After a long lagering period, the bottling must be done. Someday I will keg, but until then I will bottle.
Usually I store the beer in the fridge for six weeks before I move it to its final storage phase, but this one only went five. Is one week a big difference for this kind of beer? To be honest, I am not sure but didn’t feel like waiting*. The black lager was more of an experimental brew and not one I was trying to win major style points. This is my Yule Lager, don’t you know?
I brewed this beer in late November as a more roasty schwarzbier. The addition of roasted barley was the key difference between what I would consider brewing to style would be. The typical schwarzbier should taste like a pilsner but look like a stout.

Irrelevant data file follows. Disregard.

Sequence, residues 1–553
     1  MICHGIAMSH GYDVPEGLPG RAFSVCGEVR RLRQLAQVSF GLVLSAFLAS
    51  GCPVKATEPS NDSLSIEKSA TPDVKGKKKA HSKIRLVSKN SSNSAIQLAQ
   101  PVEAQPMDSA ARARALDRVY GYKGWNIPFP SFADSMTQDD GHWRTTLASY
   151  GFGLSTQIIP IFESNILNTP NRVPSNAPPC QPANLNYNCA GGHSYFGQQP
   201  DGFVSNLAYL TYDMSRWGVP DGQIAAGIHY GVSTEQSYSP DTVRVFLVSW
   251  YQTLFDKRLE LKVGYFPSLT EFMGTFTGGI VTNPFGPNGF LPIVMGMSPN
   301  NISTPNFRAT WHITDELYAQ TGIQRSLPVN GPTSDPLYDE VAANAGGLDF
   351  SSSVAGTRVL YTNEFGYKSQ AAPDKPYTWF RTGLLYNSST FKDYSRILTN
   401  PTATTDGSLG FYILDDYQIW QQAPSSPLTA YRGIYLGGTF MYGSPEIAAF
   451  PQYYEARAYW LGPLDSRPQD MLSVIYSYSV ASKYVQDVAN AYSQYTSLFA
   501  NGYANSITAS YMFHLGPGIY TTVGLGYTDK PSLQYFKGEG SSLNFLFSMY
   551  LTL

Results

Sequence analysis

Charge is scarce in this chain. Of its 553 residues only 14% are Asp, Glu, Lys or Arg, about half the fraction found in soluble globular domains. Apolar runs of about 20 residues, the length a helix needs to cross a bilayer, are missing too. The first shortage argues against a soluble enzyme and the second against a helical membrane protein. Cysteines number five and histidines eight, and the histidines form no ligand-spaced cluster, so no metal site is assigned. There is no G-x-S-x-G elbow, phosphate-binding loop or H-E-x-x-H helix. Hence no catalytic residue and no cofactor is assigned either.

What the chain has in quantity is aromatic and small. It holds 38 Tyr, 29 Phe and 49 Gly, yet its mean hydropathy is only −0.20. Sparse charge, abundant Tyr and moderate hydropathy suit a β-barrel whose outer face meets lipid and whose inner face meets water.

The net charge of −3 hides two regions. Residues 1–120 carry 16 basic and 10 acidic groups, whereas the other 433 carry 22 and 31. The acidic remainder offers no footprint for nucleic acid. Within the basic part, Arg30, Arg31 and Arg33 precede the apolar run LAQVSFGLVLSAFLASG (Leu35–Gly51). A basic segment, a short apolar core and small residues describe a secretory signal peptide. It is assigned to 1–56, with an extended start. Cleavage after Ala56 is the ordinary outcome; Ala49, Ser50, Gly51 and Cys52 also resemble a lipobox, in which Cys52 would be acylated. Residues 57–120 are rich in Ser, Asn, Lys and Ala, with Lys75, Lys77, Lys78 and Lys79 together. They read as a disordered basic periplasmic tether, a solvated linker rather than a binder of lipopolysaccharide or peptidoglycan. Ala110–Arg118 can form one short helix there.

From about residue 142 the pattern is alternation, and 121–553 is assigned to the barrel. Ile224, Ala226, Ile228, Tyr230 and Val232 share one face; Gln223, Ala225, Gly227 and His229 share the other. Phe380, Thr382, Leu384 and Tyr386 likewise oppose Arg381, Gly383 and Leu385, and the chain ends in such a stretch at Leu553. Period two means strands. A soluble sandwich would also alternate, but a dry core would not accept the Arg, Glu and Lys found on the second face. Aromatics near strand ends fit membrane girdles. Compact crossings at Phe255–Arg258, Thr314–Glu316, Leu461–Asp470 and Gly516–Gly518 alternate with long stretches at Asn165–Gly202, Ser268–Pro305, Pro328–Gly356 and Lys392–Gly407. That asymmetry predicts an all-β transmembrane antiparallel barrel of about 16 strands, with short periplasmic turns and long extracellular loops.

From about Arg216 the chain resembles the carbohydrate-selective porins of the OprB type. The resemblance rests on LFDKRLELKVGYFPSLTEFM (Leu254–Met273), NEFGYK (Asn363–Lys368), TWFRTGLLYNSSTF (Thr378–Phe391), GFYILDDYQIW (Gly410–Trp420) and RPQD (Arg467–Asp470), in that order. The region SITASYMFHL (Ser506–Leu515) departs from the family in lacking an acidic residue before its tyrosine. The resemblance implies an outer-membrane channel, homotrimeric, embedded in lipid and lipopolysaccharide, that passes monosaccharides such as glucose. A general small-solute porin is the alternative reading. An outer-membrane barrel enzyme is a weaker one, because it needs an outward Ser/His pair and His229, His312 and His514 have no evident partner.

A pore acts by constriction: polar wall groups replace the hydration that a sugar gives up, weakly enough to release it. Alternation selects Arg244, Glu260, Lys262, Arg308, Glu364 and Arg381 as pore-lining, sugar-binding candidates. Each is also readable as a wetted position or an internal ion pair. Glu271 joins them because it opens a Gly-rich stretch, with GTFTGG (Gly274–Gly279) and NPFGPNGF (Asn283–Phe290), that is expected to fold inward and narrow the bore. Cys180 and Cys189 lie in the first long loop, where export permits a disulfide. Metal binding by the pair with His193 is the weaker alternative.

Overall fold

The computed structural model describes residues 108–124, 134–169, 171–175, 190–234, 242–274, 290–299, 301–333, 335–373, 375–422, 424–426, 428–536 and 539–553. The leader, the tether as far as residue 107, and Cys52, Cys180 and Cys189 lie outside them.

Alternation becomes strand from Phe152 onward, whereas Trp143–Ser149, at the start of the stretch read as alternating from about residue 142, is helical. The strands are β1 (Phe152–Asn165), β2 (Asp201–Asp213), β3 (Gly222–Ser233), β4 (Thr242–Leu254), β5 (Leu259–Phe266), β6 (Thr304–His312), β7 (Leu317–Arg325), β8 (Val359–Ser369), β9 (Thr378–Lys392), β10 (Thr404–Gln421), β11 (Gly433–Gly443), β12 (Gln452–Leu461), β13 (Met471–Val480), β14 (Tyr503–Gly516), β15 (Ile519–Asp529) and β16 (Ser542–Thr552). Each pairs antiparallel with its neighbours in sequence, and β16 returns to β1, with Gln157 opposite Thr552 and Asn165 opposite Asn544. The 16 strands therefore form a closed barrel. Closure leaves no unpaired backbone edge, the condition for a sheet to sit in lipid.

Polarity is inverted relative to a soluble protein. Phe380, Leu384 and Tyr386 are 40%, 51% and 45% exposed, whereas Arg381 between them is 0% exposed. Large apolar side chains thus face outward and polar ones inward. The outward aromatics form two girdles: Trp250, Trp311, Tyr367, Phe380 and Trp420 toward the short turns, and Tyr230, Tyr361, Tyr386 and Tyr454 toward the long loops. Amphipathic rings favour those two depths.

At bottling, I sampled the beer as it was being racked from the carboy. My comment to Mike about the taste was that it was the “my cleanest stout”. He chuckled and opined about the nature of the style. It didn’t seem to make sense to him that a beer should look a certain way without the characteristics of the grains that would normally provide its appearance.
I know this question is like giving a thumb to the nose to the history, but shouldn’t this style showcase some roastiness? If the Schwarzbier style can’t be expanded, could there be an American black lager subcategory?
Meh, I am trying to justify my Yule lager to do well in a competition. I will be entering it but I won’t be getting any awards for the Yule lager.
*One thing about bottling lager is that the mellowing and conditioning continues in the bottle. In my experience, even if you bulk condition for only say four weeks, there will be further conditioning in the bottle that will improve the look and taste of the beer.